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TV Presenter From New Zealand Hits Back At A Viewer After He Said Her Tattoo Was A “Bad Look”

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TV Presenter From New Zealand Hits Back At A Viewer After He Said Her Tattoo Was A “Bad Look”

A TV host with a traditional Māori face tattoo reacted politely to mean comments from a viewer, expressing pride in her cultural background and identity.

People who have facial tattoos often start arguments online. Some say that tattoos should only be on the body, while others love the cultural meaning behind them.

Oriini Kaipara, 41, is a visionary TV host who made history when she became the first newsreader on New Zealand’s Newshub during prime time. She did this while wearing a moko kauae, a traditional Māori headdress.

The Māori, who are the native Polynesian people of mainland New Zealand, see moko kauae as very important parts of their history and sense of who they are. These tattoos, which are usually put on the lips and chins, show that a woman is a leader in her community and has family ties. They also honor her lineage, status, and skills.

In spite of the praise, one watcher, David, told Newshub in an email that he wasn’t happy with Kaipara’s moko kauae.

“We continue to object strongly to you using a Māori newsreader with a moku [moko] which is offensive and aggressive looking,” he wrote, per the Daily Mail. “A bad look. She also bursts into the Māori language which we do not understand. Stop it now.”

David’s mean comments didn’t stop Kaipara from facing the problem head-on. She shared photos of the messages on her Instagram story and responded with grace and respect.

“Today I had enough. I responded. I never do that. I broke my own code and hit the send button,” she wrote on her Instagram story, adding a picture of David’s message.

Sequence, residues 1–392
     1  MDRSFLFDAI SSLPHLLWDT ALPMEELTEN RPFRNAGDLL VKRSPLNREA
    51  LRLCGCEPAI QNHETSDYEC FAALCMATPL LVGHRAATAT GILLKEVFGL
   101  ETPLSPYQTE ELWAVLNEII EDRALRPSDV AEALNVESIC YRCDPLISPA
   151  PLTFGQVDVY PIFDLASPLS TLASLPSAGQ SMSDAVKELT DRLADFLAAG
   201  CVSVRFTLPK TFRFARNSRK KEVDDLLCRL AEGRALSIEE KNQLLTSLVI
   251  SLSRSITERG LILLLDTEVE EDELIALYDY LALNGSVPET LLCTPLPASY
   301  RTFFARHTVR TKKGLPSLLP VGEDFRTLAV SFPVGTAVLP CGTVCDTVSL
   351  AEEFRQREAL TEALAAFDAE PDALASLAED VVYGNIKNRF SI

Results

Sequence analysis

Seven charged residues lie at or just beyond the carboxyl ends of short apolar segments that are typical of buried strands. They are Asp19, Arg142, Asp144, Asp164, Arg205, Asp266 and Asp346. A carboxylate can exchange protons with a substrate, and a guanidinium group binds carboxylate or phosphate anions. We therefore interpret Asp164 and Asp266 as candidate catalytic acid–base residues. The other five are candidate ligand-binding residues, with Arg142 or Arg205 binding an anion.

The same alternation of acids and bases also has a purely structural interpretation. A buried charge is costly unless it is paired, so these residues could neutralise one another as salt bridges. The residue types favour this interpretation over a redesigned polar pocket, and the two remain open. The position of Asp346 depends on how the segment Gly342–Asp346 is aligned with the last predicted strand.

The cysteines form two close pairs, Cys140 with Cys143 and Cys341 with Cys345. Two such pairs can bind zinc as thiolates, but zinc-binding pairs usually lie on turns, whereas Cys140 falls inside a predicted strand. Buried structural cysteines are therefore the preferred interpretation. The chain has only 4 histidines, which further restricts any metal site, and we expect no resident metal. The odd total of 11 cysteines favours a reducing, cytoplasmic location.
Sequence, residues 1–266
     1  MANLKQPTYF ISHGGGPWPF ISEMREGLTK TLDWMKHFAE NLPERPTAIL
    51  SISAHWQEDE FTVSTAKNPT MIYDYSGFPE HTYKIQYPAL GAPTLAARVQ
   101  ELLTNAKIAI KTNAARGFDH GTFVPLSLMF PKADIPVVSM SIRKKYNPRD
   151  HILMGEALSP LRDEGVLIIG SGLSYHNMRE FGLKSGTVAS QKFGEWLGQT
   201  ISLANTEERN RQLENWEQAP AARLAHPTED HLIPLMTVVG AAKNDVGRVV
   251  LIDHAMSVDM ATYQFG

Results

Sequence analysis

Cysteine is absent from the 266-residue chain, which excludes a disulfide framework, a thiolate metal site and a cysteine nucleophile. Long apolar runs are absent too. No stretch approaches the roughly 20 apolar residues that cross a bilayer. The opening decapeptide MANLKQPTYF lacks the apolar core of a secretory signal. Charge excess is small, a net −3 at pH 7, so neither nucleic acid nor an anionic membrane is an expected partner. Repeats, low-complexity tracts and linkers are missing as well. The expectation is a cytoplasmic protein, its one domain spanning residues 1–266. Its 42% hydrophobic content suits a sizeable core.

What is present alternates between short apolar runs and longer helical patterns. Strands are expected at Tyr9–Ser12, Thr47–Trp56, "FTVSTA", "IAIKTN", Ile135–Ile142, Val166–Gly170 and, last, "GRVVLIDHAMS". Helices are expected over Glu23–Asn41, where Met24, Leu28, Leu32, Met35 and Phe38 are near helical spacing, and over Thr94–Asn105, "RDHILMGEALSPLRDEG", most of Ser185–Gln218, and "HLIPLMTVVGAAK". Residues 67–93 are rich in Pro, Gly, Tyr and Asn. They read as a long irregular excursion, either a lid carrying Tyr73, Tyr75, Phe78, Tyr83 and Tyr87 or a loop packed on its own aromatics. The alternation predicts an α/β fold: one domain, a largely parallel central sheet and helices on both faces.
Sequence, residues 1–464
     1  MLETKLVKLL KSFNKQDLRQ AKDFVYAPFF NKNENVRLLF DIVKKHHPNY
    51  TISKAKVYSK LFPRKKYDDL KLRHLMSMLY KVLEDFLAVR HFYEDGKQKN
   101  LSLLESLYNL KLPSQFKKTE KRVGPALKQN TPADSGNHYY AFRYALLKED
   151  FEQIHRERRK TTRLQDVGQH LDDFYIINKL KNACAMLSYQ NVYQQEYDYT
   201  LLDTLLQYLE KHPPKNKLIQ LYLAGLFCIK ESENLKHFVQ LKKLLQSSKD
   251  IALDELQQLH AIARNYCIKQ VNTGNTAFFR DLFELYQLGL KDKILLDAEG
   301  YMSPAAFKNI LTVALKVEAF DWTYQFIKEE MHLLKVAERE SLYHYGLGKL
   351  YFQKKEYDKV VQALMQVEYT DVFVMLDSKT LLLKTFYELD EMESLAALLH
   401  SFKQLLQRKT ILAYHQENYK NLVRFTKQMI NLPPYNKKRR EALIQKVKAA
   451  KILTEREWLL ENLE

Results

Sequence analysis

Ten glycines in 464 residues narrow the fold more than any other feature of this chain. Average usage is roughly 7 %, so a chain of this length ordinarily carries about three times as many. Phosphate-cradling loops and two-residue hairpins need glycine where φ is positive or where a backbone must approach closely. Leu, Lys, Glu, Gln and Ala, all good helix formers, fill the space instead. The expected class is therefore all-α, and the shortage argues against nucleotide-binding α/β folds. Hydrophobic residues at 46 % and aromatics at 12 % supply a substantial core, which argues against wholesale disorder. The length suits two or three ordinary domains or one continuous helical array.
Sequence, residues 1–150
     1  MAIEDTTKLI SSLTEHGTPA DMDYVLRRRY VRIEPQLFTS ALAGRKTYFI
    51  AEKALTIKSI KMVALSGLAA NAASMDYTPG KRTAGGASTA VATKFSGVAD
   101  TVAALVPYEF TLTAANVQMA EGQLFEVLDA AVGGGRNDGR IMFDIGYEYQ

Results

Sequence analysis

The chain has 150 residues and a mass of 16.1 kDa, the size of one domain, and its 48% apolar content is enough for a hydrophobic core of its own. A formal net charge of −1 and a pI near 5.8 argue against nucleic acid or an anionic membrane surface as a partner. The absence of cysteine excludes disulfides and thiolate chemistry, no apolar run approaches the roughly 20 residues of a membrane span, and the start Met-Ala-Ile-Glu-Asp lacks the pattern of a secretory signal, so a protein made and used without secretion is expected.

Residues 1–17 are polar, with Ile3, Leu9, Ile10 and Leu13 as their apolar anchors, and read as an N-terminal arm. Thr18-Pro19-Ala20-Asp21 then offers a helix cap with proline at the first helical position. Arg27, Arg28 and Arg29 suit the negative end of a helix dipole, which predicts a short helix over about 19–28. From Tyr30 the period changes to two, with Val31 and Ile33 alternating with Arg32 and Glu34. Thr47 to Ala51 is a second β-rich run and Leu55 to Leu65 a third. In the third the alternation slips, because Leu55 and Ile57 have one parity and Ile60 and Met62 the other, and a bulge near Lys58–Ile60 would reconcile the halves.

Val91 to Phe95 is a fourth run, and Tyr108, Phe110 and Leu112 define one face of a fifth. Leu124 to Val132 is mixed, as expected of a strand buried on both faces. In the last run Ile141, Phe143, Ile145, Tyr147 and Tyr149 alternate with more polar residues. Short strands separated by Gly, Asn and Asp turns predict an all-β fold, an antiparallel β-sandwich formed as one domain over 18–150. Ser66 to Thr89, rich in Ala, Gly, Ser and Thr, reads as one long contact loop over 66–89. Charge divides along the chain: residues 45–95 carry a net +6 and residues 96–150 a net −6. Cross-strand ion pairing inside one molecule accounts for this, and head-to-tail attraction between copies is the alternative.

Credit: Oriini Kaipara / Instagram.

Kaipara also sent David an email in which she told him that she couldn’t take his complaint seriously because “there is no breach of broadcast standards.”

Another thing she did was fix his spelling of moko because David had called hers “moku.”

In the next part of her email, Kaipara said, “I gather your complaints stem from a place of preference on how one must look on-screen according to you. Moko and people with them are not threatening nor do they deserve such discrimination, harassment and prejudice.

“We mean no harm or ill intent nor do we/I deserve to be treated with such disregard,” she continued. “Please refrain from complaining further, and restrain your cultural ignorance and bias for another lifetime, preferably in the 1800s.”

Kaipara was quick to point out that most of the comments she gets are positive and that mean people who are just trying to bother her are very rare.

Credit: Oriini Kaipara / Instagram.

Soon after responding to David’s complaint, Kaipara talked to the New Zealand Herald about how important it is to have more Māori advocates: “The fact that my existence triggers some people is testament to why we need more Māori advocates in key roles across every sector.”

Overall, Kaipara’s respectful answer is a strong reminder of how important cultural pride and strength in the face of hardship are. She is also an inspiration to others to be proud of who they are and stand up to discriminatory views.

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